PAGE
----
Given the pharmaceutical company’s longevity, Lilly has experienced a prolonged period of patent expirations. Yet the company’s research and development efforts continue apace—in 2015, Lilly achieved significant advances in their pipeline of molecules in clinical development, due in part to the alliances it has forged.

 

As part of the “Tools and Techniques” workshop, or what Lilly refers to as Alliance Management 101, Thompson will address topics salient to alliance managers such as the various types of alliance managers and the management of business risk, human risk, and legal uncertainties. He and Butkus also will delve more deeply into the three phases of an alliance life cycle.


“Lilly wants to be an open source of information in order to advance the art and science of alliance management. We hope that people will use, share, and build upon the tools and resources Lilly has developed since 1999,” Thompson notes. “I hope that attendees know more than when they arrived, feel confident in the skills they learned, and share the knowledge they gained with their own company and alliance partners.”

Tags:  alliance life cycle  Alliance Management  alliance managers  David Thompson  Eli Lilly and Company  Gary Butkus  Resources  Tools 

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ASAP New England Chapter Holds Well-Attended, Practical Meeting on Alliance Management Skills and Competencies

Posted By Cynthia B. Hanson, Tuesday, February 21, 2017
Updated: Monday, February 20, 2017

Neither snowstorm, nor sleet, nor freezing temps can keep Jeffrey Shuman, PhD, CSAP, principal at The Rhythm of Business, from a New England ASAP Chapter meeting. And apparently, it couldn’t keep four other panelists and about 40 attendees from the discussion on “Alliance Management as a ProfessionSkills, Competencies,” at the Charles River Accelerator and Development Lab in Cambridge, Mass., on Jan. 31.  

The panel talked about the basic alliance management foundational skills recognized by recruiters, career paths, adapting to the evolving ecosystem, soft skills that are key to performing the job, and other related topics in a dynamic, one-hour meeting. In addition to Shuman, who moderated the discussion and is also professor of management at Bentley University, the panel members included ASAP’s own President and CEO Michael Leonetti, CSAP; Marc Silber, founder and president of Crossover Consulting Group, a life sciences headhunting and recruiting agency; Mark Coflin, CSAP, head of alliance management, corporate planning & program management, Shire; Michelle Gardner, business development executive, cloud service providers, at IBM, who arranged the practical meeting.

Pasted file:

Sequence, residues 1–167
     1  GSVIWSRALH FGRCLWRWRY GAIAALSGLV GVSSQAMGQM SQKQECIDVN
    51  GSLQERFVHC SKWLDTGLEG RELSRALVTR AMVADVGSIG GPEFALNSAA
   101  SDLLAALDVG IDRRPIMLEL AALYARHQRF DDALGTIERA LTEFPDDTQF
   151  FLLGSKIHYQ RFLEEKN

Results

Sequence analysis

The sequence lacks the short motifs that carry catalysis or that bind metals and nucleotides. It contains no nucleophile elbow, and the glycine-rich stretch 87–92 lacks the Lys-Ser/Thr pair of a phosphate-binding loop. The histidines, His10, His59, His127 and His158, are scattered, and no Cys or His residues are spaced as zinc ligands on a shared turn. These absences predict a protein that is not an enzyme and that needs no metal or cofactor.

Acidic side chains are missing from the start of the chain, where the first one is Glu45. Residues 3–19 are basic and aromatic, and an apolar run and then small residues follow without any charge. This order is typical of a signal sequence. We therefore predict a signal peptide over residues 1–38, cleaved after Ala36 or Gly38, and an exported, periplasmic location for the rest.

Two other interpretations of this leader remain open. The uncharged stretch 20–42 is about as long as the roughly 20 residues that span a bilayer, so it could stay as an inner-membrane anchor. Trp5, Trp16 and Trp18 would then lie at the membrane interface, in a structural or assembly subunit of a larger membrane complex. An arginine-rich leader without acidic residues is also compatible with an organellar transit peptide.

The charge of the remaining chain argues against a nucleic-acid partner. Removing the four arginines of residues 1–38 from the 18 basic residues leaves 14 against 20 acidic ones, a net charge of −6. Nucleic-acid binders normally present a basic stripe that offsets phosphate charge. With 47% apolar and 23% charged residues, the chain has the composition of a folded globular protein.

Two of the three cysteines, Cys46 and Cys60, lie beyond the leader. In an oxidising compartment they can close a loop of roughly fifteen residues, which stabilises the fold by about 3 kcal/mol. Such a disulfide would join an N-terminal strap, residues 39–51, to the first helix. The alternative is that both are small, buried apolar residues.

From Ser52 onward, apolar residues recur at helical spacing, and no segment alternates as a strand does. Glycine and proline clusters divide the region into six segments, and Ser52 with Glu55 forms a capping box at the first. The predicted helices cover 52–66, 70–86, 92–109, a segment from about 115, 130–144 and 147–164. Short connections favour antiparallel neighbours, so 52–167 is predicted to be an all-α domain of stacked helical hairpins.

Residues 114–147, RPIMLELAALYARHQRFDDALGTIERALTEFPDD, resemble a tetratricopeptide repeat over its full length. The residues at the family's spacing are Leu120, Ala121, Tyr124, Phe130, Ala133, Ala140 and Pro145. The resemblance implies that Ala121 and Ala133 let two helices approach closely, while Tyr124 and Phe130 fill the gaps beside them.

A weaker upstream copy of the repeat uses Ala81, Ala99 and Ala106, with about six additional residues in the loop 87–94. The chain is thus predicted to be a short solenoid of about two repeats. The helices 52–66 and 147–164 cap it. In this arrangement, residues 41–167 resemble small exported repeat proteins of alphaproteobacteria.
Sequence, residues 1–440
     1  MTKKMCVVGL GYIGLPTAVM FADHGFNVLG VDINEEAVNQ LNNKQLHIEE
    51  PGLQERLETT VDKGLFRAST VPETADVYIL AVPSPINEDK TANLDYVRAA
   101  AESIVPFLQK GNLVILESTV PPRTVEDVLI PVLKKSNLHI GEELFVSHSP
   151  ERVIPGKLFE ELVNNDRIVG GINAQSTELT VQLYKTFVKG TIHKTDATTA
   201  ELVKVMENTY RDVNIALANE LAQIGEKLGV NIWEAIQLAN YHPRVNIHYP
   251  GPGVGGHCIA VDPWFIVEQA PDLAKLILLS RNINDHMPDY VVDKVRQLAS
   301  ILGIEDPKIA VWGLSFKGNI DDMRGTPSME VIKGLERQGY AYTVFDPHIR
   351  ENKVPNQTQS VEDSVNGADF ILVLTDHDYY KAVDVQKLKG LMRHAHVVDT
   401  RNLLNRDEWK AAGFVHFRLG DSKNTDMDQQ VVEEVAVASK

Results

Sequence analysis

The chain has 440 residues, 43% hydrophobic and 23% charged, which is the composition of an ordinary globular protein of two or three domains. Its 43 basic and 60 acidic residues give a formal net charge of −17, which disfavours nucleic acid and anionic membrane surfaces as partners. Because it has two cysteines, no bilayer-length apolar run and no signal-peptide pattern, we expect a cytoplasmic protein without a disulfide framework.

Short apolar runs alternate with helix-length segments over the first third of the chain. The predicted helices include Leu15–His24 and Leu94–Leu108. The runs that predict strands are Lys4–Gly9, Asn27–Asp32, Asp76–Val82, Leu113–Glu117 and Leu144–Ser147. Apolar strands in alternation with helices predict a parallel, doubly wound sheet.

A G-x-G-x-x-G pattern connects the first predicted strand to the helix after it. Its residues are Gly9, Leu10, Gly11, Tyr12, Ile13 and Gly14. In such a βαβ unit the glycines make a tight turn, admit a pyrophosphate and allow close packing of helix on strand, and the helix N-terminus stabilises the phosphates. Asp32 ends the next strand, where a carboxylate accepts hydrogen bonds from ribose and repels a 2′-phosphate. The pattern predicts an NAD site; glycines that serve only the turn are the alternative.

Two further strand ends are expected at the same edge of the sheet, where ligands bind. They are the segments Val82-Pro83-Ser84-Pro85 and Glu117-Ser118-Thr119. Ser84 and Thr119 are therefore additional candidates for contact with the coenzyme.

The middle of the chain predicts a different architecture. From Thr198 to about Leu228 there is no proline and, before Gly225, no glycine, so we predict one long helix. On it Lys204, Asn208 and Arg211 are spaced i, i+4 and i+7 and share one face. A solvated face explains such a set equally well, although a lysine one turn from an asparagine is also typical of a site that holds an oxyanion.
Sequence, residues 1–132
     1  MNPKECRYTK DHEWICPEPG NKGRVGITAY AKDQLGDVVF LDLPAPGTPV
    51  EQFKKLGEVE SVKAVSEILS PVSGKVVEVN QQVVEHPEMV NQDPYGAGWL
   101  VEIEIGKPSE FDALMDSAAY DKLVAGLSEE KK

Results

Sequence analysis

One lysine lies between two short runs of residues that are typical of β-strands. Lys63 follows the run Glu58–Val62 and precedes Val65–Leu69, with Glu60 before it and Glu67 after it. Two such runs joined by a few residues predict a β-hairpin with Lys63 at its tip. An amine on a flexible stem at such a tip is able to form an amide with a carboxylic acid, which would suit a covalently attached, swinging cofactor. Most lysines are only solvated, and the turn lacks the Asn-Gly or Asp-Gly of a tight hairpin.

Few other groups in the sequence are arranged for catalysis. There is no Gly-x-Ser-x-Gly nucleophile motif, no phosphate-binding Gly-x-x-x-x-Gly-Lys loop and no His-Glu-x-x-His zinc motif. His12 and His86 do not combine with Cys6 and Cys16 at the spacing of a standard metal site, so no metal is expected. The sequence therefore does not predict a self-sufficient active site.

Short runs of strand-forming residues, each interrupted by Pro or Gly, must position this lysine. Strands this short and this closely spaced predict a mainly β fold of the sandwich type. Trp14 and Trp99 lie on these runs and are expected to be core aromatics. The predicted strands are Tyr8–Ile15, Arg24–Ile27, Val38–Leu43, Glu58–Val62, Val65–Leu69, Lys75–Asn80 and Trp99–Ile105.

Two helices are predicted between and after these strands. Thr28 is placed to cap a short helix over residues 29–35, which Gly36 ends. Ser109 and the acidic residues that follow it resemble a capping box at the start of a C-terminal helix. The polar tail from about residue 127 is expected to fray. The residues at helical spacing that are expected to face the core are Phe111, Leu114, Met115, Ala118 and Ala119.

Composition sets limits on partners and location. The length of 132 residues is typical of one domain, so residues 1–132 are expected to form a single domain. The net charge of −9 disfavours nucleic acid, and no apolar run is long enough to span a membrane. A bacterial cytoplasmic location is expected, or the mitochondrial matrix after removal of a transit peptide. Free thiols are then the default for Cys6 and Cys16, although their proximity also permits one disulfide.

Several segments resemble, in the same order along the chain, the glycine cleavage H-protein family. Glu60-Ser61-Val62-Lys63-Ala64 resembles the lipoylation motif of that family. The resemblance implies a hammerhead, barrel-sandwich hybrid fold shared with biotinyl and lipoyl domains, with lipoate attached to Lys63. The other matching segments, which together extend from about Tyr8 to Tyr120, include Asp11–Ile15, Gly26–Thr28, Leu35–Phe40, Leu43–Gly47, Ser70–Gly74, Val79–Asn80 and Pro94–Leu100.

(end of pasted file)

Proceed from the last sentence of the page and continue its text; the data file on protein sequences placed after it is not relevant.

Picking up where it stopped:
The complexity of multi-industry, multi-partner alliances with a global reach has made alliance management training skills increasingly important. “Not everybody needs to be an alliance manager, but it’s our view that everybody increasingly needs to have some alliance management skills because alliance capability needs to extend to the perimeter, to the edge of the organization,” Shuman says. For example, scientists increasingly are working with other scientists in other organizations on tech solutions or drugs, whereas previously, most of the innovation was done internally. “What we see happening is folks in those areas are coming to their alliance folks and asking for advice,” he explains. “More people are interacting in these collaborations, and they really need some understanding of the skills and toolset.”

“Given that the speed, scale, and scope of partnering has increased, companies can’t afford to build an alliance management group that can manage all of the different parts of their business. When partnering with external entities, many people need a better understanding of the skills and tools.”

Among the topics that surfaced from the discussion were:

  • How to progress to an alliance management role from another area of the company
  •  Areas alliance managers are recruited from
  •  The various career paths and roles alliance managers can move into
  • Ecosystems, multi-party networks, hub-and-spoke models, and two-party relationships